“Unity with Others” is associated with working together, sharing similar values, experiencing belonging (Lips-Wiersma and Morris, 2009; Lips-Wiiersma and Wright, 2012). “Unity with Others” could be identified as a theme in 32% of the phrases related to meaningful work. In the job advertisements, “Unity to Others” is expressed through opportunities for team building, a “friendly team”, descriptions of the work environment as “friendly”, “supportive”, “team-centric”. 46 out of the 60 included in the survey job advertisements included one or more phrases related to opportunities for “Unity with Others”, focusing on opportunities for teamwork and positive attributes of the team. “Expressing Full Potential” is related to creating and mastering something, expressing talents, having opportunities, having a sense of achievement, influencing others (Lips Wiersma and Morris, 2009; Lips Wiersma and Wright, 2012). The majority (64%) of the phrases related to meaningful work in the job advertisements could be linked to “Expressing Full Potential”. 54 out of the 60 job advertisements included one or more phrases related to opportunities for “Expressing Full Potential”. In the job advertisements, “Expressing Full Potential” could be linked to opportunities for learning and career growth and advancement, “interesting projects”, challenging assignments, opportunities for achievements and exposure to different problems, technologies, customers, and making an impact. A specific challenge in the analysis of the data was whether the opportunities for learning and training should be linked to “Expressing Full Potential” or they more closely align with “Developing and Becoming Self”. “Developing and Becoming Self” includes sub-themes such as opportunities for moral development, maintaining one’s unique identity, personal growth. The focus is on the “inner reflective development” (Lips-Wiiersma and Wright, 2012, p. 666). The job-specific training could be reviewed as an opportunity for employees to develop and master aspects of their jobs. Career growth could be linked to a sense of achievement. Therefore, job-specific training and learning and career growth were linked to “Expressing Full Potential”.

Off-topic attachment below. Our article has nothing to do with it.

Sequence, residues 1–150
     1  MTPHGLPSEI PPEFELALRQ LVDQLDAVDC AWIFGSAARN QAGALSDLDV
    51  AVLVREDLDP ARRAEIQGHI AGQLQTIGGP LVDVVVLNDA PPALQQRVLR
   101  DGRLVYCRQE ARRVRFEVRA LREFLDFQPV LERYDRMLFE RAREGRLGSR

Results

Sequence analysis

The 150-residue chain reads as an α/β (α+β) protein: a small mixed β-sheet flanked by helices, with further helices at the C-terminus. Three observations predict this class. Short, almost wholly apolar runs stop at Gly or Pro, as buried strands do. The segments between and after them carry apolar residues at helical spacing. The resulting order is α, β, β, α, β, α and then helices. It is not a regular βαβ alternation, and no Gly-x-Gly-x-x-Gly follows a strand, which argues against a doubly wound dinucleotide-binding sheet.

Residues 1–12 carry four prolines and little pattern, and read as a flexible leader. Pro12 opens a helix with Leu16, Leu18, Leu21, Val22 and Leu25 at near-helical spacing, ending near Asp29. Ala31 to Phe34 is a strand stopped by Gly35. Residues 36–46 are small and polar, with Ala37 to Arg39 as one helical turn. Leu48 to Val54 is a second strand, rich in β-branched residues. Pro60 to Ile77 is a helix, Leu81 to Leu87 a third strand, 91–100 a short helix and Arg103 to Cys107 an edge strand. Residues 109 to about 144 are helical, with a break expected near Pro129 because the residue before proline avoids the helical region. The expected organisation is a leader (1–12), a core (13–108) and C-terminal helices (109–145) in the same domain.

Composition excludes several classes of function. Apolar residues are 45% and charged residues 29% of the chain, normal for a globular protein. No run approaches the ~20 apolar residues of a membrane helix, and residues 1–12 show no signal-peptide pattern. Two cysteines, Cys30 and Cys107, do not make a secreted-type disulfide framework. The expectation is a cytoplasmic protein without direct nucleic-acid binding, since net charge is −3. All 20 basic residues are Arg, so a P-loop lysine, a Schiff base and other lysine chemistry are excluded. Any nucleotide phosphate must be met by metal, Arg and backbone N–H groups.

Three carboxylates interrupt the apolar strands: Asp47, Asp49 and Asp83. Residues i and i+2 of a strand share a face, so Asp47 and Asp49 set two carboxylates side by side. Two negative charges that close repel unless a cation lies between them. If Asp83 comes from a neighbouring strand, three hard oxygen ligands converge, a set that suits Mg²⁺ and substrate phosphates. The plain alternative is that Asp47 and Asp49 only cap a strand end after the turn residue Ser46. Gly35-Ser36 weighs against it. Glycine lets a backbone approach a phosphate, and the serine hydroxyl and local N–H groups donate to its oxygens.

“Service to Others” involves contributing to others and seeing a connection between the work a person does and a bigger clause, typically related to social, economic, or environmental topics (Lips-Wiersma and Morris, 2009; Lips-Wiersma and Wright, 2012). “Service to Others” was found in 3% of the phrases. Only 7 out of 60 job advertisements included phrases related to “Service to Others”. In the job advertisements, “Service to Others” is described through opportunities for volunteering and making the world a better place through contributing to the work that the company does.